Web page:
The goal of the H1N1 course is to familiarize healthcare professionals with the H1N1 Novel Swine Flu virus. It focuses on the H1N1 infectious influenza strain, pandemic infection control, and pandemic preparation for the health care professional.
Following the completion of this module, the learner will be able to:
June 11, 2009 the World Health Organization announced the 2009 H1N1 Novel Swine Influenza to be a Phase-6 Pandemic, this agency’s highest alert level for an infectious disease. Up to this point the majority of those who have contracted the 2009 H1N1 virus have displayed only mild symptoms. The rapid spread of this disease across 74 countries and the potential for the virus to turn deadly on a wide scale requires a heightened level of vigilance from health professionals as they prepare for what may yet come.
The influenza virus is typically a respiratory illness with mild to debilitating symptoms whose complications when severe may lead to hospitalization or even death. Annually influenza severely affects from 3 to 5 million persons resulting in 500,000 deaths globally (Kamps, & Preiser, 2006).
New epidemic strains of the influenza virus crop up every 1 to 2 years, producing outbreaks of disease that spread more quickly and more extensively among a group of people than would normally be expected of seasonal influenza. This makes localized outbreaks of epidemic influenza a somewhat common and expected occurrence when viewed from a global perspective.
Recipe for a Pandemic?
Put simply, there are three prerequisites in order for a pandemic to emerge.
Novel: A novel pathogen emerges - one that humans have no immunity
Virulent: It infects humans causing serious illness
Contagious: It spreads easily and sustainably among humans ignoring geographic or population barriers
Pandemics however are uncommon events. While pandemic influenza is by its nature unpredictable, incidents with mild to moderate severity tend to occur every 10 to 40 years, with severe or devastating disease strains occurring even less frequently. The difference between an epidemic and a pandemic is that where an epidemic may spread rapidly it remains confined to a set geographic area or regional population. Pandemics, in contrast, rapidly cross geographic and population boundaries. The 2009 H1N1 Novel Swine Flu has exhibited such a spread by documented widespread community transmission occurring on at least two continents.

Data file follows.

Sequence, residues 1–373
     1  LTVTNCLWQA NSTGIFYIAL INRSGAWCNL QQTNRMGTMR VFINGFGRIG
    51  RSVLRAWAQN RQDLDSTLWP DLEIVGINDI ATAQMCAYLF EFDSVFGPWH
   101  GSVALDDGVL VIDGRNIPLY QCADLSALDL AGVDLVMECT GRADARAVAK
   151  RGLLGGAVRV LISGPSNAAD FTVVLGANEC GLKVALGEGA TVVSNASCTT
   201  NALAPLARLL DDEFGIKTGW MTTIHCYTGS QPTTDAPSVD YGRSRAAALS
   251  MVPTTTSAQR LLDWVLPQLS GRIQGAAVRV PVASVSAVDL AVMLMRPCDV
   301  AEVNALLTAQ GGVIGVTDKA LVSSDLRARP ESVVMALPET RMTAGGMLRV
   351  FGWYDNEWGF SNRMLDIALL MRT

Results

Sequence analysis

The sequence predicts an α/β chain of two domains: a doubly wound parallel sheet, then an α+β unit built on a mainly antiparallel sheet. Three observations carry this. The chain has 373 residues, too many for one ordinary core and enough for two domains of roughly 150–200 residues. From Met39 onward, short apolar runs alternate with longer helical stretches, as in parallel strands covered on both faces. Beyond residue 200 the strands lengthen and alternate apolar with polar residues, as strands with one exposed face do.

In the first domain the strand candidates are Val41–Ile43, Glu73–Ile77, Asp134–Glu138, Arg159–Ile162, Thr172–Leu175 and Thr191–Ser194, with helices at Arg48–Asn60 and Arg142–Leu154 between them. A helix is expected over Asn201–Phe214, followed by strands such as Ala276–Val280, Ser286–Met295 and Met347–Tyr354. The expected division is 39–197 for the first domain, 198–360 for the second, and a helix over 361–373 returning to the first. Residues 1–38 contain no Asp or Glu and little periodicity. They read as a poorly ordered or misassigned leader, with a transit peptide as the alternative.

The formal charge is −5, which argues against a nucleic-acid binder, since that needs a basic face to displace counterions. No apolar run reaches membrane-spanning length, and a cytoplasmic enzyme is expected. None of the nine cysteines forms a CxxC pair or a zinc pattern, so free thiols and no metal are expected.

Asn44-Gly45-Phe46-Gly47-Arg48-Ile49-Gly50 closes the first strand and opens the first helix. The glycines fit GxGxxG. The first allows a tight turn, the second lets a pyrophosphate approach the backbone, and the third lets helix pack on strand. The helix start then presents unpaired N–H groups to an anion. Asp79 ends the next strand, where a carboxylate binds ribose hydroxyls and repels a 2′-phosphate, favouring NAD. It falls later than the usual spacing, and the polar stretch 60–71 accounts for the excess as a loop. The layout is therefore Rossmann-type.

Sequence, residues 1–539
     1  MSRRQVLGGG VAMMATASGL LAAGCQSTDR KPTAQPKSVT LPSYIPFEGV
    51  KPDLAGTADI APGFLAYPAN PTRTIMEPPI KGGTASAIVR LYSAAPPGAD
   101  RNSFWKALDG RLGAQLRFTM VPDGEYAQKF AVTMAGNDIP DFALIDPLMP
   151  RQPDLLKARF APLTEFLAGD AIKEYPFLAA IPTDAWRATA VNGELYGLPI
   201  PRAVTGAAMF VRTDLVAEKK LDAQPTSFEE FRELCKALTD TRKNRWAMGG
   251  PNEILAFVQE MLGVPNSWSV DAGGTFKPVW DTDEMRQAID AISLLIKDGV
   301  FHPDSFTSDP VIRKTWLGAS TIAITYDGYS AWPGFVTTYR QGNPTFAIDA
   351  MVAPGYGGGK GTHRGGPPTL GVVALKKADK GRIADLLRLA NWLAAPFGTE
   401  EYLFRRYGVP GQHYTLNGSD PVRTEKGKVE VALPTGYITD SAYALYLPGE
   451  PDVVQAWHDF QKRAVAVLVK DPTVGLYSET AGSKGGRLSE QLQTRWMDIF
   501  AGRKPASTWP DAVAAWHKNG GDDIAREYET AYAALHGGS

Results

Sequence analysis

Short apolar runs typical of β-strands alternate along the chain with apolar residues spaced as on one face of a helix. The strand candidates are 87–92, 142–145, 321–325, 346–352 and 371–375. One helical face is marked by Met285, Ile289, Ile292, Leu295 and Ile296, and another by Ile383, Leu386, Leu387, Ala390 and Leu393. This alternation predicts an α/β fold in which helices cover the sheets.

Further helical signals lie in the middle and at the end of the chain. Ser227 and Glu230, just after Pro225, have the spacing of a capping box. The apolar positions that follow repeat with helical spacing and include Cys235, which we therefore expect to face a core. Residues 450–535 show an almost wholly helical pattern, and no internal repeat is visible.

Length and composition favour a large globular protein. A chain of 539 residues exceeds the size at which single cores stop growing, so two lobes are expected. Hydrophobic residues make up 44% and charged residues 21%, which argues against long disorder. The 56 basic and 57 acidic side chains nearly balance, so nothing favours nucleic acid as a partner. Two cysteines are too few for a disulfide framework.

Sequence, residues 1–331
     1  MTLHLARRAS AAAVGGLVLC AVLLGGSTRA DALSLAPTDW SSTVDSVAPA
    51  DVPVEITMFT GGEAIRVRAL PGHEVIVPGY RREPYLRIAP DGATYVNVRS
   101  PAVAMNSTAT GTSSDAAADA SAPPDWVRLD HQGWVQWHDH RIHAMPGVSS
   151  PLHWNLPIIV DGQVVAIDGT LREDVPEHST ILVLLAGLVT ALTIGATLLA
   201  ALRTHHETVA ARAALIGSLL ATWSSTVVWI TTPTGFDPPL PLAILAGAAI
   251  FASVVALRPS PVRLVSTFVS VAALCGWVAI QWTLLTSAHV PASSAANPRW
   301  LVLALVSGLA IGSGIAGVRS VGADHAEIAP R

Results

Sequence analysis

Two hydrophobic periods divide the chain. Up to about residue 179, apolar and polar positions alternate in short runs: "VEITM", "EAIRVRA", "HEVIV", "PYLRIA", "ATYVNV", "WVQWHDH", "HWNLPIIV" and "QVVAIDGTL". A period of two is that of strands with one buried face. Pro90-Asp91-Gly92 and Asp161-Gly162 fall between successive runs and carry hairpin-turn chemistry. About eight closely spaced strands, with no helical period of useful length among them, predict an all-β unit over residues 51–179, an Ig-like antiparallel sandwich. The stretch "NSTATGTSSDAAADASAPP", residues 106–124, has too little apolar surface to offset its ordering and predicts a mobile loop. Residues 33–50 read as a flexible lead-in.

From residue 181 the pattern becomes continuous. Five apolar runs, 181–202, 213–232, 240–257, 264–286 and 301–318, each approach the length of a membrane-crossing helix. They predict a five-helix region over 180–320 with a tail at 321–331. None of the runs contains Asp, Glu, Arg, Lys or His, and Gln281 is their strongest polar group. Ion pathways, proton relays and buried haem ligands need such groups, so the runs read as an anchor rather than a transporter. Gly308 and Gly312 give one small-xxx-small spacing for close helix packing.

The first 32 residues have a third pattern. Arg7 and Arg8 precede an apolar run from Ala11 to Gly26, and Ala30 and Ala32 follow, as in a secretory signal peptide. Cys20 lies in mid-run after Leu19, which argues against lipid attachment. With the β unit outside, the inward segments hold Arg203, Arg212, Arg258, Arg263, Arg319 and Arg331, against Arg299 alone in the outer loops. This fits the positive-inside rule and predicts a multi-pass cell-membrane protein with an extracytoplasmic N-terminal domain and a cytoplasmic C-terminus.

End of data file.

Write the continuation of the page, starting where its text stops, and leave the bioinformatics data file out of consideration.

Recent Pandemic Influenza Events
H3N2 "Hong Kong"
(Kamps & Preiser, 2006, page 18)
Documentation regarding the characteristics of pandemics during the last 400 years has revealed that influenza pandemics tend to circumnavigate the globe in successive waves, eventually reaching everywhere, and potentially infecting every human being within the span of only a few years.
The reason that understanding the wave-like spread pattern of pandemic influenza is essential is found in history. The 1918 Spanish Flu, which had a higher death rate than the entirety of World War I, was initially highly contagious yet not particularly deadly. That is, not first time around during the spring of 1918. This pandemic flu travelled through Europe, Asia, and the Americas in a series of three distinct waves over a time period of 12 to 18 months. It was during its second wave, starting in September 1918 that the massive death tolls truly began, with the wave of primary influenza able to kill young healthy individuals within 2-days and leaving many of the survivors vulnerable to secondary bacterial pneumonias which added greatly to the suffering. For those keeping track, yes, the 2009 Novel Swine Flu is also a type of H1N1 influenza, similar in many ways to the 1918 H1N1 Spanish Flu (Kamps & Preiser, 2006).
- N, hunh?
Infectious influenza comes in a variety of strains, some of which are human specific, some that are distinct to a single species of animal, and some that can be shared across species from one animal type to certain others, or from certain animals to a human.
Antigenic Shift is the term used when a flu strain makes the jump across species. Influenza strains which can cross from an animal species and create symptoms in a human are always a concern to epidemiologists. Animals such as birds can carry a viral strain great distances very quickly as well as serving as a vast repository for an active, contagious virus. Swine can also transmit a virus amongst themselves as individuals or herds are shipped and intermingled. Due to the widespread farming of domestic pork, pigs provide a large potential reserve for a virus able to make the leap from animal to human host.